I have designed a TPS62163 5 V buck converter into a new product that I am currently testing. I have determined that plugging in a power cable consistently causes the chip to become damaged and stop functioning properly.
I just finished scoping the board to look for transients that would cause problems. The datasheet specifies that VIN is 20 V tolerant, EN and SW are tolerant to VIN + 0.3 V, and FB, PG, and VOS are 7 V tolerant. I've been plugging in a cable attached to a 7.4 V power supply (to simulate an average 2-cell battery voltage). Given that the input voltage is higher than the tolerances of the FB, PG, and VOS pins, I tried looking at those first, even though there is no connection between these pins and the supply other than through the buck converter itself. I scoped the VIN, EN, SW, and VOS pins on a unit with a damaged TPS62163, and saw no damaging transients down to a scale of 200 us/division. I then removed the TPS62163 completely and checked again, and still saw nothing that appeared to be able to damage the chip.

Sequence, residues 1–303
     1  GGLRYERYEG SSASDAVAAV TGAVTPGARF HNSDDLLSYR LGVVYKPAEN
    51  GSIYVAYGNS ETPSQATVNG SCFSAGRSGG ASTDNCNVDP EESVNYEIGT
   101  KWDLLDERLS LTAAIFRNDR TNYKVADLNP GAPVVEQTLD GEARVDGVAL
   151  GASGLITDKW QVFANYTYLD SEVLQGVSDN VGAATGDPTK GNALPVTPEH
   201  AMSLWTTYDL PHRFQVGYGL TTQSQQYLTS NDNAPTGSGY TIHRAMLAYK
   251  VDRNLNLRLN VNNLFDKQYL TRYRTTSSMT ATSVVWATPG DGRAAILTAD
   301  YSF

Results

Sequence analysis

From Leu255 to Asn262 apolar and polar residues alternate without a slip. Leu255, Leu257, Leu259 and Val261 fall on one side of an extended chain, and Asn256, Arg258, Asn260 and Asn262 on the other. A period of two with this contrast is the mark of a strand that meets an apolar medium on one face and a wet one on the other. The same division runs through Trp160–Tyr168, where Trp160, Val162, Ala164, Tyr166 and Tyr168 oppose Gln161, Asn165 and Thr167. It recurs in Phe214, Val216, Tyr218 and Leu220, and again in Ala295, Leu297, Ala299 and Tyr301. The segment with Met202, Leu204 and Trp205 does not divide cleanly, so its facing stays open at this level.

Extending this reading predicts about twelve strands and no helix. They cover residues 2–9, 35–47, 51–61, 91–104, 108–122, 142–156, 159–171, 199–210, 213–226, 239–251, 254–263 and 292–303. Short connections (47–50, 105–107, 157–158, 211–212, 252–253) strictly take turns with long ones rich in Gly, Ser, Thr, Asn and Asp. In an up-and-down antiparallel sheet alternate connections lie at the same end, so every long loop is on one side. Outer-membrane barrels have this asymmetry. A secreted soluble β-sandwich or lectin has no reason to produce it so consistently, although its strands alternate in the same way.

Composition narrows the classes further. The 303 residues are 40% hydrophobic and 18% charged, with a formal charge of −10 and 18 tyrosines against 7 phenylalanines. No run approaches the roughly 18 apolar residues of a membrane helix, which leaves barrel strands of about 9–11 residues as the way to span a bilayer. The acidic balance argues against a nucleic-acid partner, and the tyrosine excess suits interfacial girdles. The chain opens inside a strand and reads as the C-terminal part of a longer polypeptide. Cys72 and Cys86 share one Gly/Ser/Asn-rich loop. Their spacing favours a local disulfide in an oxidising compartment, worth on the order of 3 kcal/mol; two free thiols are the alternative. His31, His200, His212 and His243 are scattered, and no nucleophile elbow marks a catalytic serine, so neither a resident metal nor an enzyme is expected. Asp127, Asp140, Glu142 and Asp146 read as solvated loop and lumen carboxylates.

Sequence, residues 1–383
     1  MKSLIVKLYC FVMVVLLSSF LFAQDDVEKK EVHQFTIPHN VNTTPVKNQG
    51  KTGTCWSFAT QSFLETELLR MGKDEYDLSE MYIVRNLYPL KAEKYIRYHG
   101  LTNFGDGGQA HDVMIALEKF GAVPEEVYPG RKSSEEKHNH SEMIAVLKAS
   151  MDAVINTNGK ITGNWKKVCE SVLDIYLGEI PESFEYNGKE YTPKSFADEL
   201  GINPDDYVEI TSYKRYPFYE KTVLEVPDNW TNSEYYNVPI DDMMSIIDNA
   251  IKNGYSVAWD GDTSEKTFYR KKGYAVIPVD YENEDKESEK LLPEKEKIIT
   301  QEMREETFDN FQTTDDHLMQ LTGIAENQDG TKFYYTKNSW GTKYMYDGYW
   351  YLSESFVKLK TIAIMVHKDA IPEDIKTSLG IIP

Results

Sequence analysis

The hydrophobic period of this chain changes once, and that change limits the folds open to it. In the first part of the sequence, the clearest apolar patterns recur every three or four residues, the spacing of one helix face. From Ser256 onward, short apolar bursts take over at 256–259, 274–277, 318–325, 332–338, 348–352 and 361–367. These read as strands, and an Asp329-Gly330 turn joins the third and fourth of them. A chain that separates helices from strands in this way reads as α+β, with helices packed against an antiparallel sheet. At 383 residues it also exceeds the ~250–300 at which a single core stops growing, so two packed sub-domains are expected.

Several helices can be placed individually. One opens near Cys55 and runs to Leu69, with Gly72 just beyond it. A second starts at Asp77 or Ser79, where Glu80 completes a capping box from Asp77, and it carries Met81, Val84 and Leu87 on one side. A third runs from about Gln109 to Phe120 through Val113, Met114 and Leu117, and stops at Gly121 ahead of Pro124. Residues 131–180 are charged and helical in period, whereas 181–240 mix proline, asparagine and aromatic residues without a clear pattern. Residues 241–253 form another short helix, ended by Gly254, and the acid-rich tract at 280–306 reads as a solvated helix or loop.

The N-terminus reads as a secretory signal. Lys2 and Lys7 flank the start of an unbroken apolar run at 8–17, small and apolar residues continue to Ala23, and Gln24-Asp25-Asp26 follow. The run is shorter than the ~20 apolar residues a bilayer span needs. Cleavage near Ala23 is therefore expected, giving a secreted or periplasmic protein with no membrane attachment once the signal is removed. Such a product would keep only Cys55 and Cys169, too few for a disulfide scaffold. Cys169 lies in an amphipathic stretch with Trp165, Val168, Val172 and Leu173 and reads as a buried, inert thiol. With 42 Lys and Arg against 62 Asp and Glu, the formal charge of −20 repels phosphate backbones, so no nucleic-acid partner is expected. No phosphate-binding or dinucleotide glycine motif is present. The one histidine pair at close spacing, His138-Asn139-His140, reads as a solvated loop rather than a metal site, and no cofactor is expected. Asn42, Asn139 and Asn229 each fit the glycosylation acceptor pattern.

It seems that the next step would be to plug in the supply with a working TPS62163, but I do not like the idea of replacing the chip over and over again until I find the problem. Assuming that I do take this route, how can I minimize the number of devices I destroy while trying to identify the problem? Alternatively, what are some other troubleshooting steps I can look into that won't destroy more devices?
For reference, the power passes through a ferrite bead pi filter and two ideal diodes before reaching the buck converter, none of which seems to be likely to cause a problem like this.